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Kiyoharu Shimizu, Masaaki Takeda, Takafumi Mitsuhara, Shunichi Tanaka, Yushi Nagano, Hitoshi Yamahata, Kaoru Kurisu and Satoshi Yamaguchi

OBJECTIVE

Spinal dural arteriovenous fistulas (SDAVFs) commonly present with symptoms of myelopathy due to venous congestion in the spinal cord; asymptomatic SDAVFs are rarely encountered. To elucidate the clinical characteristics of asymptomatic SDAVFs, the authors present 5 new cases of asymptomatic SDAVF and report the results of their systematical review of the associated literature.

METHODS

Five databases were systematically searched for all relevant English-language articles on SDAVFs published from 1990 to 2018. The clinical features and imaging findings of asymptomatic SDAVFs were collected and compared with those of symptomatic SDAVFs.

RESULTS

Twenty cases, including the 5 cases from the authors’ experience, were found. Asymptomatic SDAVFs were more prevalent in the cervical region (35.0%); cervical lesions account for only 2% of all symptomatic SDAVFs. The affected perimedullary veins tended to drain more cranially (50.0%) than caudally (10.0%). Four cases of asymptomatic SDAVF became symptomatic, 1 case spontaneously disappeared, and the remaining 15 cases were unchanged or surgically treated.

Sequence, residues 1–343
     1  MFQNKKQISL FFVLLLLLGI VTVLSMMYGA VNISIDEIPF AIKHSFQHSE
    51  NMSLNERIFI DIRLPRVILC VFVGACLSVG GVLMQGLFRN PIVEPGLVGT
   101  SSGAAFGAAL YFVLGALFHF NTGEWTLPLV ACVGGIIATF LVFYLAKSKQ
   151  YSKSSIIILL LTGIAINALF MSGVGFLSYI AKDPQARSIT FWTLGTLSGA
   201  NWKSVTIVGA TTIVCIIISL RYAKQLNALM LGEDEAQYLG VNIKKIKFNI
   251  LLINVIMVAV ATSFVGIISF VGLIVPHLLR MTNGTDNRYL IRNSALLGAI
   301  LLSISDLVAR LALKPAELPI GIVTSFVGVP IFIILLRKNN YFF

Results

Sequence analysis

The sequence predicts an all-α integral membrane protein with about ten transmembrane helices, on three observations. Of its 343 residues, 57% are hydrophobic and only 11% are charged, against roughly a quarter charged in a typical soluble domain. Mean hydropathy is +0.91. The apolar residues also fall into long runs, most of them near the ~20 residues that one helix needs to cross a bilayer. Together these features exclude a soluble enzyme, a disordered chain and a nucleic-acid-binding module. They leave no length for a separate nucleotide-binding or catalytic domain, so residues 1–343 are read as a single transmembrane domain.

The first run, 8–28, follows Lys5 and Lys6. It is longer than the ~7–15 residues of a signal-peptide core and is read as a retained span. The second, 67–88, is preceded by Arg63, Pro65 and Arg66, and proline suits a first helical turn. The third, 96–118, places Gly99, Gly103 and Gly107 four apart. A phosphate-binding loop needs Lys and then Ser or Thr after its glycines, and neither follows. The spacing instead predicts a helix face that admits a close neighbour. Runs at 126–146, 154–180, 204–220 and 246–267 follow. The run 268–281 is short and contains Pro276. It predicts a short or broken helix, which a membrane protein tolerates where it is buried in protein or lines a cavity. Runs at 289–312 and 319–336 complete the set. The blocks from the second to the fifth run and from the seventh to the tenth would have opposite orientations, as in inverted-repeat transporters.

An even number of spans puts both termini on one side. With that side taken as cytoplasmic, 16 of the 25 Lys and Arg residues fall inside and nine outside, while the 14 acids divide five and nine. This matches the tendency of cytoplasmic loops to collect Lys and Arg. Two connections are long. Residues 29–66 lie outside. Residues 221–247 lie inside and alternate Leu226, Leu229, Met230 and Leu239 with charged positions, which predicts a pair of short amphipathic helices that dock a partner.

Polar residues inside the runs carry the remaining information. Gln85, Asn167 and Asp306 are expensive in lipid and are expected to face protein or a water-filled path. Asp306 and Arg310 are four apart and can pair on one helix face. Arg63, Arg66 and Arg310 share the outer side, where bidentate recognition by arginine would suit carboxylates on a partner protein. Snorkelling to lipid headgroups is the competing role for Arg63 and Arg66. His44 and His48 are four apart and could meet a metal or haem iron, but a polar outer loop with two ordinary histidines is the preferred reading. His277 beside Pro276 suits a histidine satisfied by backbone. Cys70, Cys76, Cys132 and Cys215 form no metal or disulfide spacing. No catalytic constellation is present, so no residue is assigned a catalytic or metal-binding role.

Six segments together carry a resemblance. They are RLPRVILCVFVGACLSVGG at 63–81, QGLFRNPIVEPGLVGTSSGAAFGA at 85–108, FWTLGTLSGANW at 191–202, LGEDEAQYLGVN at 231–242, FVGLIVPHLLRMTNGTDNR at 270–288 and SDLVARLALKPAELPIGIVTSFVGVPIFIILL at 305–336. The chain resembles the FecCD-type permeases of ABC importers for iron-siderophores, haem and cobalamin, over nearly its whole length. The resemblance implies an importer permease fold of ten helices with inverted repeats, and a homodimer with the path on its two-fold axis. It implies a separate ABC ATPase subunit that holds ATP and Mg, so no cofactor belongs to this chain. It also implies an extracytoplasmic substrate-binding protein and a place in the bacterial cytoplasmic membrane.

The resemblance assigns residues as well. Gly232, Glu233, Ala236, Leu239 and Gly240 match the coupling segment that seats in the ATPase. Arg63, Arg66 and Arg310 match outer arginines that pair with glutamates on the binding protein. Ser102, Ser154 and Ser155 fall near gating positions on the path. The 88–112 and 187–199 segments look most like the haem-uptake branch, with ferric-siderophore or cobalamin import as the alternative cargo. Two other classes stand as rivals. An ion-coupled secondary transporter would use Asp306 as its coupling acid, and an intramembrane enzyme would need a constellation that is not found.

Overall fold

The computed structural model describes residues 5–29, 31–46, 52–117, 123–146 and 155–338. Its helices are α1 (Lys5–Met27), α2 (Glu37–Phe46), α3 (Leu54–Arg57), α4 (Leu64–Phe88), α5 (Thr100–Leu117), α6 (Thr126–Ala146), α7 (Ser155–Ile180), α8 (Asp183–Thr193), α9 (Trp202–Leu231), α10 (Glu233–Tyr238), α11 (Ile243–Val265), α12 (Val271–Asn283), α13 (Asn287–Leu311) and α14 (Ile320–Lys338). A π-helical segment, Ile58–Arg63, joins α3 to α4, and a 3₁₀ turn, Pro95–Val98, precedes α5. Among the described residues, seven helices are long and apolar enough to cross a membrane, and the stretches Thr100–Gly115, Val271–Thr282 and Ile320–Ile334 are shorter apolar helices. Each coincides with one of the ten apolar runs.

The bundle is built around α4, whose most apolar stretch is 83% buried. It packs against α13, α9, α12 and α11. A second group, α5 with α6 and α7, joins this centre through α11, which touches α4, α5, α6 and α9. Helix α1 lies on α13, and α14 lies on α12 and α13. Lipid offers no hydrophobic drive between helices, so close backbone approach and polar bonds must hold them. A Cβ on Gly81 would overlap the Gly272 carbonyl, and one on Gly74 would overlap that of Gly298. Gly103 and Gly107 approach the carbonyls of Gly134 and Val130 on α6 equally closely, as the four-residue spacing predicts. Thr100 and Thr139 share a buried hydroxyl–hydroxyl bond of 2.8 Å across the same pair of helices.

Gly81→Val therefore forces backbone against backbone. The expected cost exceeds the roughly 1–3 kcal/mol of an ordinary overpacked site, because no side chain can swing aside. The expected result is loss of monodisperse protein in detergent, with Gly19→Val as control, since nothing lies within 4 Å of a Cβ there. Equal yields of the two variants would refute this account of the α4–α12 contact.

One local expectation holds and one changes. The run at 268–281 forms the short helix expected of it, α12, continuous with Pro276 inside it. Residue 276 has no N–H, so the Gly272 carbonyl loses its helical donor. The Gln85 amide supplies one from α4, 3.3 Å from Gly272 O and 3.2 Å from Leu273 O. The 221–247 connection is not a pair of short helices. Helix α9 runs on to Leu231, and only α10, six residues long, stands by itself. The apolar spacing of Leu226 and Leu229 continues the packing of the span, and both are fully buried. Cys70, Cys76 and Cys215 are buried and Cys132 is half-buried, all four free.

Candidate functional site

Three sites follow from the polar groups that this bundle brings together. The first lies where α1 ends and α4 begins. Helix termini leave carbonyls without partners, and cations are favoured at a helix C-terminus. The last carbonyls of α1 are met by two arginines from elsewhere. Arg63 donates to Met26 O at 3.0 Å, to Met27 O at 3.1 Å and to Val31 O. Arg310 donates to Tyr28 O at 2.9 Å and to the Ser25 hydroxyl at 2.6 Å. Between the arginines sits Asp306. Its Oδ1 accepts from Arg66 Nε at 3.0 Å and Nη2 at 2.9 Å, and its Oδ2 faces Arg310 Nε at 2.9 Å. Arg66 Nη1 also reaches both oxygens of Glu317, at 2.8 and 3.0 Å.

CONCLUSIONS

The higher prevalence of asymptomatic SDAVFs in the cervical spine might be a distinct feature of asymptomatic SDAVFs. Given that venous congestion is the pathophysiology of a symptomatic SDAVF, abundant collateral venous pathways and unique flow dynamics of the CSF in the cervical spine might prevent asymptomatic cervical SDAVFs from becoming symptomatic. In cases in which venous congestion is avoidable, not all asymptomatic SDAVFs will become symptomatic.